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Experiments with first woman announcer

On 22 August 1935, The Bulletin newspaper carried a story in which it suggested there was the possibility that a woman announcer might be contemplated for the BBC's Scottish Region. The previous night Enid Maxwell read the Herring Fishing Bulletin from the Edinburgh station and announced the running commentary on the Association football international match at Hampden Park, Glasgow. It was "thought in some quarters" that she was being tried out for a permanent post, although the official explanation from the BBC was that most of the regular announcers were on holiday. Maxwell, who normally assisted Cecile Walton, organiser of the Scottish Children's Hour, had a voice that was described as "pleasing and clear".[1]

Two months later, Kathleen Garscadden began announcing at the Glasgow studios, hailed as "the only woman announcer in Britain". The BBC said her appointment as announcer was not intended to be permanent and that she was merely helping cover a shortage of staff in the Glasgow studio. However, if listeners showed "very great approval of the experiment" then it might reconsider its policy.[2]

The addition of Garscadden resulted in the majority of Scottish announcements being made by two women. So successfully did they accomplish their task that, contrary to previous experience, listeners began to express their appreciation of their work. The Scottish Region's publicity officer, George Burnett, said:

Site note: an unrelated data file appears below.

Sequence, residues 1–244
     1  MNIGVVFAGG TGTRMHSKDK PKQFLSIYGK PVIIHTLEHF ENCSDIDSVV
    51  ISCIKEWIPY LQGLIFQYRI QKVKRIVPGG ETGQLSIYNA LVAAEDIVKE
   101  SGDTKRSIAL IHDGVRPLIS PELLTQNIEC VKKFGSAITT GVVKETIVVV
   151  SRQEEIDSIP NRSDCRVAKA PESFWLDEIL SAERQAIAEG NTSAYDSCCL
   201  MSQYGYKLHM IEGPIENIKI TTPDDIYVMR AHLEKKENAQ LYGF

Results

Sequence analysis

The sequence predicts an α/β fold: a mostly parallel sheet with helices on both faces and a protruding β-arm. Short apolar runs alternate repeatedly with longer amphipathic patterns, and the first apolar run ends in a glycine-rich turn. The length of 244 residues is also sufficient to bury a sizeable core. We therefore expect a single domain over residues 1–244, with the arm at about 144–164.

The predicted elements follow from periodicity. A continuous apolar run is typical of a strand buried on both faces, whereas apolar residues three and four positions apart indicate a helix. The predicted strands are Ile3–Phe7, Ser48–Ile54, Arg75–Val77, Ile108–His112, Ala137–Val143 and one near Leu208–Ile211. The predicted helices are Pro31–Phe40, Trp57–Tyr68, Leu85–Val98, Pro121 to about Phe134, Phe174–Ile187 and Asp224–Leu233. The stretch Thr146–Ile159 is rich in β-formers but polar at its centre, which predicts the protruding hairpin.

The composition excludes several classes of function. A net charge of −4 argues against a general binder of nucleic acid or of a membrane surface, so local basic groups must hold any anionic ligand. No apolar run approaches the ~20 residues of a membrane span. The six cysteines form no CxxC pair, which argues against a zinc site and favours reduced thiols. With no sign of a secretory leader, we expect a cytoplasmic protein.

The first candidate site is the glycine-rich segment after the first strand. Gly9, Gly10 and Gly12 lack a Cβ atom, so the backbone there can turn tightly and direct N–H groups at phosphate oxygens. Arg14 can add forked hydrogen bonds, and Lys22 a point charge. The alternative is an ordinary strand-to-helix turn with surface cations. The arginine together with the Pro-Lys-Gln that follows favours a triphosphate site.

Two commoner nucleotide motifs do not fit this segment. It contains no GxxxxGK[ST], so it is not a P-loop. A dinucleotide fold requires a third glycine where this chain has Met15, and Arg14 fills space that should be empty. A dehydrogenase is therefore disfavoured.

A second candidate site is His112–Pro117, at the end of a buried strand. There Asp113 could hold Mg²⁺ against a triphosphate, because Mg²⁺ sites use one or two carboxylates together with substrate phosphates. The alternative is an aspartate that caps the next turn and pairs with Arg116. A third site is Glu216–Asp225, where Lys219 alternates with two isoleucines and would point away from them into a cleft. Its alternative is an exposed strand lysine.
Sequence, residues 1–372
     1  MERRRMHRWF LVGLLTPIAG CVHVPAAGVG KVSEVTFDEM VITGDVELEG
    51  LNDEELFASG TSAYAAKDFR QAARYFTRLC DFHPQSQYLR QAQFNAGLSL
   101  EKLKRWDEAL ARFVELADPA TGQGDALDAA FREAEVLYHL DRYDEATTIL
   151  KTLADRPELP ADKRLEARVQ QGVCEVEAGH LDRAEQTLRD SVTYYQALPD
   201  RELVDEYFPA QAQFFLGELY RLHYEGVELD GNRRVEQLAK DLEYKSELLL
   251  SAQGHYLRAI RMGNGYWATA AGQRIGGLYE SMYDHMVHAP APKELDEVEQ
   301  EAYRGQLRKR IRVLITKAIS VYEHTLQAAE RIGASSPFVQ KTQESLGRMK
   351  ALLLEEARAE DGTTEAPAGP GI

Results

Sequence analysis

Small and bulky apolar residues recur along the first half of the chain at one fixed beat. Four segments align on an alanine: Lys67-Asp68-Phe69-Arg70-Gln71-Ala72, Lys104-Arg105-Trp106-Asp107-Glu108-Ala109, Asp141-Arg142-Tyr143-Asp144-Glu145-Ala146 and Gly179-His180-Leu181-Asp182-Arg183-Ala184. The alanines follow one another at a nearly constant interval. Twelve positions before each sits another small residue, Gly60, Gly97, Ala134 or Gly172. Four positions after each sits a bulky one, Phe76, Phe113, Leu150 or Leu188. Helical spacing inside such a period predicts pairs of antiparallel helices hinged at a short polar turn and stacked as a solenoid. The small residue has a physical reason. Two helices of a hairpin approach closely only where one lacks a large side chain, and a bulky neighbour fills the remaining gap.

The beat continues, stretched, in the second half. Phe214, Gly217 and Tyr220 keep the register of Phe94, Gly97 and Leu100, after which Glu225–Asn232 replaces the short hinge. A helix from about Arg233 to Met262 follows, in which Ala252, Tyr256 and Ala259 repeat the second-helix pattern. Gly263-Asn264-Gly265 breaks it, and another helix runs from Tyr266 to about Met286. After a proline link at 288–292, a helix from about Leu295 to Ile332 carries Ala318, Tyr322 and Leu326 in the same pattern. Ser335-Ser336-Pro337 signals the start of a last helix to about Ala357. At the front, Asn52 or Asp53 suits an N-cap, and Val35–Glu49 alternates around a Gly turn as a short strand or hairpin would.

Quite a number of letters have been received expressing appreciation of the work of the women announcers. An interesting thing about the majority of the letters is that they come from women, as it was principally women who had objected to their own sex announcing when they were first tried. The arrangement whereby Miss Maxwell and Miss Garscadden announce is only temporary during the absence of male announcers.

The Scottish Daily Mail credited the two women with successfully braking down the prejudice against women announcers.[3]

Garscadden returned to do duty as Glasgow announcer in May 1936.[4]

Women staff

By 1936 there were 55 women on the BBC's permanent pay-roll in Scotland. However, nearly all them were secretaries, typists, clerkesses, cleaners, telephonists, filing clerkesses and canteen attendants. A very small section of them — about two or three only — were on the creative side of broadcasting, though many were assistant to programme devisers when they typed out the umpteen copies of every script apparently necessary. 38 of the 55 were in Edinburgh, ten in Glasgow, and seven in Aberdeen.

The supervisor of women's staff was Mrs D. Haverfield, who had a long BBC career, her first memories of the Corporation being in the Savoy Hill days. At one time she had been secretary to Sir John Reith, Lord Gainsford and Lord Clarendon.[5]


  1. 'Woman announcer: may be considered for BBC Scottish Region', Evening Times, 22 August 1935.
  2. 'Only woman announcer in Britain', Scottish Daily Express, 15 October 1935.
  3. 'Women as BBC announcers', Scottish Daily Mail, 5 December 1935.
  4. 'News of Scottish broadcasting', Edinburgh Evening Dispatch, 2 May 1936.
  5. Glasgow Weekly Herald, 20 June 1936.